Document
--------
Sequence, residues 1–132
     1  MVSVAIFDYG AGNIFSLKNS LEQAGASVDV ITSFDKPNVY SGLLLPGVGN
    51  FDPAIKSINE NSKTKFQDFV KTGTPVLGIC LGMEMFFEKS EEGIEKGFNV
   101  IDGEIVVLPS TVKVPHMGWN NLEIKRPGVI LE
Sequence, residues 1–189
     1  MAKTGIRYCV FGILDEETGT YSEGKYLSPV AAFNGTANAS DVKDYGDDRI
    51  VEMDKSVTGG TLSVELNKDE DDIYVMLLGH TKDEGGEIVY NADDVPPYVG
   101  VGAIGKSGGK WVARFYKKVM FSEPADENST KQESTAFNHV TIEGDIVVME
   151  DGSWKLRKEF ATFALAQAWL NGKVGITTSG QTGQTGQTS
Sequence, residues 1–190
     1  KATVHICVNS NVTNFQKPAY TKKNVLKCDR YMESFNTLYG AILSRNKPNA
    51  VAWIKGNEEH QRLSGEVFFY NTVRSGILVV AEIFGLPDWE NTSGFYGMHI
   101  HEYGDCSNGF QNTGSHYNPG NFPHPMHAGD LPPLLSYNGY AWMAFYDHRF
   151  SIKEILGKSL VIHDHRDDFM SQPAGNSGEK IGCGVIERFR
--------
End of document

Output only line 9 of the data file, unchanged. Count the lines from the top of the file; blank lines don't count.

   151  DGSWKLRKEF ATFALAQAWL NGKVGITTSG QTGQTGQTS